Yesterday my teammate Mallary taught an aerobics class to a group of her sophomore students. I went and tried to follow along, and it was really fun! At the end of the hour, everyone was sweaty and tired -- both Mallary (who was wearing a tank top) and the students (who were working out in long underwear and sweaters). The students didn't want to take any layers off, but they quenched their thirst with a few swigs of hot water from their thermoses. This kind of behavior can't be normal... can it?
This post will begin with a simple observation that Chinese people drink hot water. Then I will veer off into the realm of unsolicited medical advice, and end with a reflection on a central theme in Chinese ideas about health.
First, drinking hot water. People here drink hot water, not cold. You can get near-boiling water in most places -- restaurants, trains, offices, airports, homes, and (if none is available) from your thermos that you carry everywhere. This is especially handy for making tea and instant noodles without the aid of a microwave or stove.
If you happen to be under the weather, you will almost certainly be advised to drink more hot water. This cure-all is generally suggested along with a host of other unsolicited medical advice. For example, Sarah, one of the American teachers, recently had a cold. After class, a student gave her a hand-written note with four pieces of advice, including the standards (drink more hot water, wear more clothes) and one that I never heard before (wash your face well, especially your nose).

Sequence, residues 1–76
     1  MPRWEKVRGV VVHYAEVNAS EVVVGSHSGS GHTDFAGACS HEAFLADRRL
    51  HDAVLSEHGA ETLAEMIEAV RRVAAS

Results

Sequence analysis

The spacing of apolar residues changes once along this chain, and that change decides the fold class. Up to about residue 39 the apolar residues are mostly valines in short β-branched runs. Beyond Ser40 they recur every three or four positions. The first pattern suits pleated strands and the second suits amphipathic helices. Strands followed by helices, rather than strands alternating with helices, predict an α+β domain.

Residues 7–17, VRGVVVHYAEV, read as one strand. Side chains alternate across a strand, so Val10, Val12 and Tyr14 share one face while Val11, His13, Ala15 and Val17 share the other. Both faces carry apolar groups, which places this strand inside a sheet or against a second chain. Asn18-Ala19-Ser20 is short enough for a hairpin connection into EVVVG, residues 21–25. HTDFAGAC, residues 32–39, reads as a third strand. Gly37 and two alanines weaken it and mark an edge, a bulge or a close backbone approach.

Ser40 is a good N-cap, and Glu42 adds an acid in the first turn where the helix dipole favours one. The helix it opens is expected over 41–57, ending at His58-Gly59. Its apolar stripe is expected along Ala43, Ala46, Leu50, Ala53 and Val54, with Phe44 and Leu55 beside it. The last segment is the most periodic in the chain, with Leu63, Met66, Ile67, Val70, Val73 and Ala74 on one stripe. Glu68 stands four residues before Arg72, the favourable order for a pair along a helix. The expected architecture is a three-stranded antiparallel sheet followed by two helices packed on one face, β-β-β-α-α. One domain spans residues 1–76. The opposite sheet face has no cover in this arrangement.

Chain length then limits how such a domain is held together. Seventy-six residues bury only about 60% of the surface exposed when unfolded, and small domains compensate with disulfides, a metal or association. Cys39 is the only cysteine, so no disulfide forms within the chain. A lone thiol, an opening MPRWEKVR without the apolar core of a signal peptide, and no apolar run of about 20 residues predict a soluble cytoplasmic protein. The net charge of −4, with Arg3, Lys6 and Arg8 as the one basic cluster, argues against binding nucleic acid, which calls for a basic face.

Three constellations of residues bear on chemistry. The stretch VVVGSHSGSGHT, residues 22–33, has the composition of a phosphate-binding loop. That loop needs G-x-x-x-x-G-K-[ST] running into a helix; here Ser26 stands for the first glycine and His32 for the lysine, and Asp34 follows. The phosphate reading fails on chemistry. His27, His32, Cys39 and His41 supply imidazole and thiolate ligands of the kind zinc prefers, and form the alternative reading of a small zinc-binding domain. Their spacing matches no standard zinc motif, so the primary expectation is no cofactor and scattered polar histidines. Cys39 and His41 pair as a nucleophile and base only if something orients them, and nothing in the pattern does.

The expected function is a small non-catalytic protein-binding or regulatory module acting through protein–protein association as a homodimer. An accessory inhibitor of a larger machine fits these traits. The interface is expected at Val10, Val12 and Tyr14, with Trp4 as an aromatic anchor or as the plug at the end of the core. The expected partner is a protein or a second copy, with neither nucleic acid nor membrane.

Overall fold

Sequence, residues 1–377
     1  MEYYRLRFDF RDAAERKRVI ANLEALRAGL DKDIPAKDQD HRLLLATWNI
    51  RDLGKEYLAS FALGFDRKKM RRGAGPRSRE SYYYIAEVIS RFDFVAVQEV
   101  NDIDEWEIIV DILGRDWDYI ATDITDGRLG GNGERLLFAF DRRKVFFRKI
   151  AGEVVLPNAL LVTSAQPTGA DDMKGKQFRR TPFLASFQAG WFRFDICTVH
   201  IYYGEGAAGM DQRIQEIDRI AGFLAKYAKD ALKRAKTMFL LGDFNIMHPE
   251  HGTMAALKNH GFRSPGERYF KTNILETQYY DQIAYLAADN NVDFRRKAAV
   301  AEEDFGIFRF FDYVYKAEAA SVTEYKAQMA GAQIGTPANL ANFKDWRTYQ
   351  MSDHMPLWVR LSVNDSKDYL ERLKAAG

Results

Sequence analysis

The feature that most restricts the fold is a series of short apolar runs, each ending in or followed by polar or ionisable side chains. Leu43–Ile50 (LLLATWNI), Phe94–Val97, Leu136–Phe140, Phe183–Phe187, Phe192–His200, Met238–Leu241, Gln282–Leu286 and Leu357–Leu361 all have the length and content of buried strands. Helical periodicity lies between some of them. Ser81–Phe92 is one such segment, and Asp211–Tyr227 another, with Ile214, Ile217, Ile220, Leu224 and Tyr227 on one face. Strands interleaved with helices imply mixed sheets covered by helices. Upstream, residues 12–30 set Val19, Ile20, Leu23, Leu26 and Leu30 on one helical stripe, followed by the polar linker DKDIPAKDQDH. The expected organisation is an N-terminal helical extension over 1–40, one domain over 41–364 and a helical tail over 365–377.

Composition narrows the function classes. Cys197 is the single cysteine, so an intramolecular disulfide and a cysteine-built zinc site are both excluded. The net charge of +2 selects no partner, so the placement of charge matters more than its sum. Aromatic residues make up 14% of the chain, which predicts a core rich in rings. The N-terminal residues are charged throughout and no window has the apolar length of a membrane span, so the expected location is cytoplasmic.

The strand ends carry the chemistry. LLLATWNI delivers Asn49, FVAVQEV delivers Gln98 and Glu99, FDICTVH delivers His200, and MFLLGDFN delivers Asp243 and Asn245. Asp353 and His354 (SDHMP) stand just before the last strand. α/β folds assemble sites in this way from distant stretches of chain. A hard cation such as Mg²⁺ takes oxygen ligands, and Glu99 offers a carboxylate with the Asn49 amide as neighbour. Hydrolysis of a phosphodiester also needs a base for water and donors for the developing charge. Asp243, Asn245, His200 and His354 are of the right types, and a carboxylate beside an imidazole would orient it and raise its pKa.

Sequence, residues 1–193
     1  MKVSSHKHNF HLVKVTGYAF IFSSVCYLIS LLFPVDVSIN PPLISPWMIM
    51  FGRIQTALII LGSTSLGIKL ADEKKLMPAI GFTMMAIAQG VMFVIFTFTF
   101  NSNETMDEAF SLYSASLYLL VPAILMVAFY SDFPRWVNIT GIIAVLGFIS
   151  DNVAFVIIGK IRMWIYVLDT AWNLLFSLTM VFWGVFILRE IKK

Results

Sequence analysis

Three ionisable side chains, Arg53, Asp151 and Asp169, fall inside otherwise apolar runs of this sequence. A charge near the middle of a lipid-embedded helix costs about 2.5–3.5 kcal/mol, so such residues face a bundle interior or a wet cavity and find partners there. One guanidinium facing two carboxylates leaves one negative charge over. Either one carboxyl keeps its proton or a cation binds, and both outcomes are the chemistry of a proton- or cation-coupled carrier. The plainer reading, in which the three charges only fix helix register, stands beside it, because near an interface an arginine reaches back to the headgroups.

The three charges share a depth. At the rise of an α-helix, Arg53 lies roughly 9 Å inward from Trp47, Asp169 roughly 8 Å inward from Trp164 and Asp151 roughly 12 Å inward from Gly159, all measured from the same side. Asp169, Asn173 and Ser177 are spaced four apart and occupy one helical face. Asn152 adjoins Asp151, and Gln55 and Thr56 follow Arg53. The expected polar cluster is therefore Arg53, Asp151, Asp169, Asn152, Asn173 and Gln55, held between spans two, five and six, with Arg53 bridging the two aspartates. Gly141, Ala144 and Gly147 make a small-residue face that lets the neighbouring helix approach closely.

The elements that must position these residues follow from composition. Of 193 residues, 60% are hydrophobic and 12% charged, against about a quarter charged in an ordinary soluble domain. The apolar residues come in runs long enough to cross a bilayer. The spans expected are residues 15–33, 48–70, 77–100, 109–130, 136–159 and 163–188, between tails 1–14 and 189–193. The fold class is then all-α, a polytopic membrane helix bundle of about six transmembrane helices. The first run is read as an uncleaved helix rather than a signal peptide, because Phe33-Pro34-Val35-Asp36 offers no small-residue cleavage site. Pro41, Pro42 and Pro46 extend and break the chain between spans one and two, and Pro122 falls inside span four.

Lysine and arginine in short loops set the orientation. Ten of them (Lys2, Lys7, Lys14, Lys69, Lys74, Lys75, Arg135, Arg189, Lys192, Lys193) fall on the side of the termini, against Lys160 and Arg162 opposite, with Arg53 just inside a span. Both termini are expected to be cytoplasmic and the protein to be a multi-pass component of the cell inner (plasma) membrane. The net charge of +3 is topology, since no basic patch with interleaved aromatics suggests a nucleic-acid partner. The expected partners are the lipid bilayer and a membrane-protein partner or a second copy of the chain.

This sort of thing happens all the time. Friends and strangers in China are always telling you what to do -- it's one way to show that you care about someone. They will tell you what to eat and what not to eat, what to wear and what not to wear, when you should get married (and to whom), when to have a baby, how to care for said baby, and the list goes on. One time I was eating a meal with a few students when one of them piped up that I needed more exercise. The reason? She noticed that I don't have very big half-moon shapes at the base of my fingernails, which is a traditional sign that I'm not getting enough blood flow.
Sometimes this advice strikes me as a little funny, because I still haven't gotten used to Chinese ideas about health. Westerners tend to think about sickness in terms of germs and contagions: If you keep your hands clean and stay away from sickies, you will stay healthy. But Chinese seem to think about sickness in terms of hot and cold: If you avoid cold things, or maintain the proper balance between hot and cold, you will be healthy. This explains why people cheerfully share communal bowls of food at every meal, but will not take off their jackets during aerobics because they don't want to catch a cold.
This also explains why:
- Babies are overdressed
- New moms aren't supposed to shower for a month (because the water will make them cold, thus risking illness)
- You shouldn't sit on cold surfaces
- Girls won't eat or drink anything cold during a certain time of month
- People drink hot water instead of cold